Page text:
Category Archives: Email Marketing

Channel hopping: Direct Mail vs Email

Mick was the managing director of a successful company selling plumbing products, more than 10,000 different products lines – something he was very proud of.  He had recently added two new salespeople to his ranks, Derrick and Eric.  Both came with very good recommendations but looking through their sales figures for the first 3 months, Mike was worried.  Both were well below their targets and needed to show improvement if he was to keep them on.

Derrick - communicating a pitch

Mick decided to meet with them separately to get their feedback and thought that asking a few of their customers about them would help too.  He met with Derrick, an imposing character and a salesman with decades of experience, ‘an old hand you can trust’ said his previous employer.   Mmm, on his salary he should be thought Mick.  ‘So Derrick, how have you found your first 3 months with the business?’.  ‘A mixed bag’ said Derrick, ‘I have some accounts that I have really enjoyed working on and don’t forget that I have bought in 5 new accounts in my time here’, Derrick pointed out.It was true that Derrick had bought in some new accounts, some of which could be big.  Mick decided to give some of them a call.  ‘Derrick is a man with presence’ said one.  ‘He knows how to tell a story’ said another, ‘He made me feel emotional about plumbing products!’.  Mick was impressed.  He often felt emotional about plumbing products but rarely met anyone else who shared his enthusiasm.

‘I haven’t enjoyed working with existing accounts so much’ said Derrick.  ‘Some have complained that I don’t understand their account like my predecessor.  Some have said that they don’t hear from me often enough and I’m not giving them the same kind of offers they are used to.  There is only so much time in the day though Mick’.

Mick called a few of his existing customers. ‘He turned up in the middle of the day when a phone call would have done’ explained one.  ‘He’s a bit slow with the offers and can be a bit in your face’ said another.  Mick was concerned and needed to think.  Existing accounts were the company’s bread and butter.

Next he met with Eric.  Eric was a younger, less experienced, salesman on a lower salary but ‘thinks on his feet’ said his previous employer.  ‘Tell me about your first 3 months’ said Mick.  ‘I have enjoyed most of it, especially getting to grips with your database.  You have so much information on customers buying behaviour.  Millions of rows!  I have been able to carry out some analysis and I’m working on a model to predict buyer behaviour and anticipate the kind of offers that they should be interested in.  You need to use that information to tailor communications and make offers at the right time.’

Eric produced a report, which has been updated just before the meeting.  It showed how he had increased customer value on some existing accounts and on specific product lines.  He planned to put a low cost programme in place to make timely and relevant offers to customers based on their past buying behaviour and to find ways to generate customer feedback.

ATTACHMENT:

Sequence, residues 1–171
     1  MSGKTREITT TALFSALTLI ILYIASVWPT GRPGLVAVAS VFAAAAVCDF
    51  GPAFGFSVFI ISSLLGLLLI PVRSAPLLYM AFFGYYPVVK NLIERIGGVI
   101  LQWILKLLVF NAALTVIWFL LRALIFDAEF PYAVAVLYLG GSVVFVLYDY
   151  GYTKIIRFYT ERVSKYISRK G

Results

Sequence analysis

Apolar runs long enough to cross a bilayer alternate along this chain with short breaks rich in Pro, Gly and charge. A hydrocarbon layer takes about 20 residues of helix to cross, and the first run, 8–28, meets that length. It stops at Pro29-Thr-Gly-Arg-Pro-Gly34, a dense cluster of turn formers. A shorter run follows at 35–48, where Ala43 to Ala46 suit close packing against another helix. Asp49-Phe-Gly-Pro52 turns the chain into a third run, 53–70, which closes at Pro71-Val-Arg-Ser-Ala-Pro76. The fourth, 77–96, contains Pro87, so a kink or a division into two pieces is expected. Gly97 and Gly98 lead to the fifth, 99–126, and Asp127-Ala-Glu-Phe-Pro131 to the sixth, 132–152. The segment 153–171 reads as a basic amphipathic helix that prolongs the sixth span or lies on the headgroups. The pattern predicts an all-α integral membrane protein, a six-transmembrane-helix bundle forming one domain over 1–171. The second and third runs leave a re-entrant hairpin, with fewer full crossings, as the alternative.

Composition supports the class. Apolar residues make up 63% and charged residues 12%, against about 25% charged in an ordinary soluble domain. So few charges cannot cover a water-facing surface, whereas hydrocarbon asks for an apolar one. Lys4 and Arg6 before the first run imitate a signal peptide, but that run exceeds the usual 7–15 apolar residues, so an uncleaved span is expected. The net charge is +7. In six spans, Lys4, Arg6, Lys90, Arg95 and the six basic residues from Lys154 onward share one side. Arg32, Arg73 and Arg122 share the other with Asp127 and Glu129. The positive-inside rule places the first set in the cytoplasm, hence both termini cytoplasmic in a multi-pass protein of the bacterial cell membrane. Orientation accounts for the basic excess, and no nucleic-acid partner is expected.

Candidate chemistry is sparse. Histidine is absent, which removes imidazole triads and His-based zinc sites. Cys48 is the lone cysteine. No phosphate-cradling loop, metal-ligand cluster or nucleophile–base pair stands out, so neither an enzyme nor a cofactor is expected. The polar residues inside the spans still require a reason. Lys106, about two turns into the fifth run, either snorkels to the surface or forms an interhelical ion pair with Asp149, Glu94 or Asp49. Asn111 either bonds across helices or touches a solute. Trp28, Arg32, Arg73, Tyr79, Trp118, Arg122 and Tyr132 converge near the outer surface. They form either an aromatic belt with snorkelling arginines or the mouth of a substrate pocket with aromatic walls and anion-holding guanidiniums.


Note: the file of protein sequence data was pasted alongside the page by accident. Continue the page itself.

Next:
Mick was slightly taken aback.  ‘OK but I employed you to get new business not just to develop existing accounts’ Mick pointed out.  ‘To be honest Mick, new business is not my forte.  I don’t much enjoy cold calling or turning up to meet people who might not even be interested in our products’ Eric replied.  ‘Targeting’ said Mick. ‘Get yourself in front of the right people’.  ‘But I haven’t been given any good leads and those I have spoken to didn’t even remember my first phone call.  There are plenty of other sales people calling them every day.’

Eric - hard at work on his databases

Mick could see Eric’s point.  Eric was of slight build, not naturally charismatic and not the kind of person you would notice in a crowd.  The world had millions of Erics but maybe this one was a bit different.  He seemed to be a good listener.  He certainly had an eye for detail and was an adaptable, quick witted type.  Mick had a plan – teamwork.  Derrick would be responsible for new business.  Getting quality leads, making appointments and signing up new accounts.  He would also help to get the first order by conducting follow-up meetings and would carry out courtesy visits to high value customers to keep them happy.  Eric would be office based.  He would be responsible for account development.  Finding cost effective ways to cross-sell and up-sell as well as analysing sales trends by individual account as well as at sector level.

Three months later Mick reviewed the sales figures.  Derrick had bought in 8 new accounts and some were starting to generate a large spend.  He also had a good book of prospective customers and had high quality, engaging sales literature to give to prospects.  Eric meanwhile had put a contact strategy in place, based on his knowledge of the company database, that was not only increasing the average frequency and value of spend but seemed to be improving customer retention.  He was conducting regular customer surveys and using information from social networking sites, used by customers, to tailor his communications to them.

Mick felt happy and relieved – to think he had been considering letting these guys go.  He could now clearly see how they each had a role to play.  ‘Deploy your salespeople where their strengths lie’ he thought.   Obvious when you think about it.